Hessini, K., Ferchichi, S., Ben Youssef, S., Werner, K.H., Cruz, C., Gandour, M. (2015) How does salinity duration affect growth and productivity of cultivated Barley?Agronomy Journal, 107, 174-180. DOI:10.2134/agronj14.0281 (IF2015 1,464; Q2 Agronomy)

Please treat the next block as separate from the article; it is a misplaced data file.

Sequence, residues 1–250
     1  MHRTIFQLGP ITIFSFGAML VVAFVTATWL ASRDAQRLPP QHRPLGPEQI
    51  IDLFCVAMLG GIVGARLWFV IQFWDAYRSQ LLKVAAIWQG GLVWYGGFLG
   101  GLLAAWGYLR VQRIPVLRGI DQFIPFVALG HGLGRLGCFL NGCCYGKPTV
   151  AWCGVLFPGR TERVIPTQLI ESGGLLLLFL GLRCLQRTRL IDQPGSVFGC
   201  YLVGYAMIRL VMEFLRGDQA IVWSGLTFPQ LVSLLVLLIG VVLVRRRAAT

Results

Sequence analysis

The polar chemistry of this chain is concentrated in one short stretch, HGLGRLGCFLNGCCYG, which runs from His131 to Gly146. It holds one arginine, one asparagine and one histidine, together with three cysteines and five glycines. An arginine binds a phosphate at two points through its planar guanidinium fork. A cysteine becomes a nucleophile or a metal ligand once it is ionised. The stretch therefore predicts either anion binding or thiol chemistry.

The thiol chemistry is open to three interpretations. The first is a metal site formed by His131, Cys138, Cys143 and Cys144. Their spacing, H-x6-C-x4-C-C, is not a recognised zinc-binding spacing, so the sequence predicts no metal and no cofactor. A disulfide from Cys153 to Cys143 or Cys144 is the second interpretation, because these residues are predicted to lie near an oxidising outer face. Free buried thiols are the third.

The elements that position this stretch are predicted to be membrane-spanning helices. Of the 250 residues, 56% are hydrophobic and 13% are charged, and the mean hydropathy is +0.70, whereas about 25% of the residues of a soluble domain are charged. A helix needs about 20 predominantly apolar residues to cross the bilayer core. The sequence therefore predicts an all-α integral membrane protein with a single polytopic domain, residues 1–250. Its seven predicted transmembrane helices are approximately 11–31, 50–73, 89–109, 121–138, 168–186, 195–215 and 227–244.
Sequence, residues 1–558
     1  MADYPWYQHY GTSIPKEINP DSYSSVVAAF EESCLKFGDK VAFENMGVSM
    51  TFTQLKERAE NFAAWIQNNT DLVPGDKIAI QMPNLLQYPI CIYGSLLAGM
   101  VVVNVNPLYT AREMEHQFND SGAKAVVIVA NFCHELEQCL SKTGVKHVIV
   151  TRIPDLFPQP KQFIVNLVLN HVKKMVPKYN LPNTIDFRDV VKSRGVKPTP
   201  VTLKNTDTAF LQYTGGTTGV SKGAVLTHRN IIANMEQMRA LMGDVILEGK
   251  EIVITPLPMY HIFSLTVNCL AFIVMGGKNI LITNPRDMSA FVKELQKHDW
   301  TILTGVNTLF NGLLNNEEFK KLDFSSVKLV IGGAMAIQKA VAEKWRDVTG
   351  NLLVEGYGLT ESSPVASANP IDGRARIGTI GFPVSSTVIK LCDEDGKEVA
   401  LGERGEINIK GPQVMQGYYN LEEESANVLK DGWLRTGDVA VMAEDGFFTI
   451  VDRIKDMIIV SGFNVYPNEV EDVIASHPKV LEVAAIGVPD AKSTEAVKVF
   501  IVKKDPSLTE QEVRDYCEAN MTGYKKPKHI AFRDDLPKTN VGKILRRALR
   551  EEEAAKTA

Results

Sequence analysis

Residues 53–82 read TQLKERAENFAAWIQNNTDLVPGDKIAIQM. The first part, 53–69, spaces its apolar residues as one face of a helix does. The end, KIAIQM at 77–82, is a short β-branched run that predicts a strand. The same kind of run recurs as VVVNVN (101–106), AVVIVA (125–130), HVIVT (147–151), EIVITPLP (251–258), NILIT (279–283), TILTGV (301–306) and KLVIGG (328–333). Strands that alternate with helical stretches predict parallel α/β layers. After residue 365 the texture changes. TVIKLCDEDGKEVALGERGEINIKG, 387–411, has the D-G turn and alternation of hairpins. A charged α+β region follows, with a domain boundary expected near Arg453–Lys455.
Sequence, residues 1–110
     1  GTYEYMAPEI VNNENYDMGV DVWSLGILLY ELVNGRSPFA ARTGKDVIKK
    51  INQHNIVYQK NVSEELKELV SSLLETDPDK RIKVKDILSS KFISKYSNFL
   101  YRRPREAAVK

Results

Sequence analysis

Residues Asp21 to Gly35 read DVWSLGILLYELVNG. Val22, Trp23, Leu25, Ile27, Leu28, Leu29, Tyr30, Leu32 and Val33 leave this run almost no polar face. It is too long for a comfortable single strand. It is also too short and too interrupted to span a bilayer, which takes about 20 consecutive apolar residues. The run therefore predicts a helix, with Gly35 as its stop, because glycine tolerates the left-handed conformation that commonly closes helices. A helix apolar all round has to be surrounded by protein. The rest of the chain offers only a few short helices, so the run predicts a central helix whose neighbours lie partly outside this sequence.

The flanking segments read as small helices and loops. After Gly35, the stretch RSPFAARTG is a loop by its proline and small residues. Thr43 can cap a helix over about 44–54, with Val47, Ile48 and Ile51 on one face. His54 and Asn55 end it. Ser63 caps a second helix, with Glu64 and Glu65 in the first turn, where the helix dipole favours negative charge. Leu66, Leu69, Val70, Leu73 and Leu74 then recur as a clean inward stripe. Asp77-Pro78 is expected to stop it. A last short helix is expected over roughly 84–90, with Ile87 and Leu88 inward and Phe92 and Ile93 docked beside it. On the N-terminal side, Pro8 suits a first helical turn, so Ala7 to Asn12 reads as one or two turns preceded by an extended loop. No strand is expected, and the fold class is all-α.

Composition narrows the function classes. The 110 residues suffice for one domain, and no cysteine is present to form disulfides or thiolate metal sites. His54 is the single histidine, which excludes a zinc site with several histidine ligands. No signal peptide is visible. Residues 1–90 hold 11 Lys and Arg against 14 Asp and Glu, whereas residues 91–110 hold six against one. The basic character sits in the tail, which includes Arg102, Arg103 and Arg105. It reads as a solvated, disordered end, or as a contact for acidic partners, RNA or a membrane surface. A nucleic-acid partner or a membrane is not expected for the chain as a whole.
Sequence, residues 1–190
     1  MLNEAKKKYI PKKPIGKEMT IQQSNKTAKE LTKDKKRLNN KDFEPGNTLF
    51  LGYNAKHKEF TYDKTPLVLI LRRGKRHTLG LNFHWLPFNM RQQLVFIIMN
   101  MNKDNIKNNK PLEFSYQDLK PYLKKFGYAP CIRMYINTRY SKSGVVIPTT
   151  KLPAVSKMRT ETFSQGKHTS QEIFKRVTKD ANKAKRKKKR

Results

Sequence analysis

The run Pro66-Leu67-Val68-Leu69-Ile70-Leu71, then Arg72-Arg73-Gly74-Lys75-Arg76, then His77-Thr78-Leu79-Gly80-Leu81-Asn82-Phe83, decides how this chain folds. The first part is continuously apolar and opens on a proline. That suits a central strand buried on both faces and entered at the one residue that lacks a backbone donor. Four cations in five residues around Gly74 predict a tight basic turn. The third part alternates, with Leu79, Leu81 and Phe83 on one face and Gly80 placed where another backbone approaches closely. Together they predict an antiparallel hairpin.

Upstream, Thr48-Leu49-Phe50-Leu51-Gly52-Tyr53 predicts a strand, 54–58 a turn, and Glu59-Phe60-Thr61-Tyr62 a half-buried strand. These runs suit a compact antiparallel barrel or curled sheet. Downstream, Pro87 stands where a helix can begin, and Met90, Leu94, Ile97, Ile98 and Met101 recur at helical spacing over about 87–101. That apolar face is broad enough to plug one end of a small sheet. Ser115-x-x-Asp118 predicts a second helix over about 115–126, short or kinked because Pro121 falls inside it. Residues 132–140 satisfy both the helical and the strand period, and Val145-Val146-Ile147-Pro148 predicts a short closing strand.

Little is known about the ability of cultivated barley (Hordeum vulgare L.) to recover from salt stress. In a pot experiment, barley plants (cultivar Lamsi) were treated with up to 200 mM NaCl for 0, 15, 30, 45 or 60 d. Plants were collected at the end of each of these salt-treatment periods and at grain maturity. Plant growth, leaf organic and inorganic solutes, and some physiological and productivity parameters were determined. Salinity reduced fresh and dry weight, relative growth rate (RGR), leaf water potential, and osmotic potential at full turgor whereas it increased leaf Na+ and Cl– concentration and tissue rigidity. However, the adverse effect of salinity on plant growth was observed relatively late (after 15 d of salt treatment), suggesting that during the first period of treatment, the effect of salinity is osmotic rather than salt specific. Grain number per plant, and grain productivity (g plant–1) were more responsive to salinity than other assessed parameters. After stress removal, only seedling treated with up to 200 mM NaCl for 15 d could completely recover, whereas plants exposed to salinity for 30 d or longer were not able to recover. As a whole, osmotic adjustment and cell wall elasticity (CWE) represent important components for barley adaptation to salinity in a 15-d time frame. However, they are not sufficient to provide increased barley salt tolerance under prolonged period of treatments.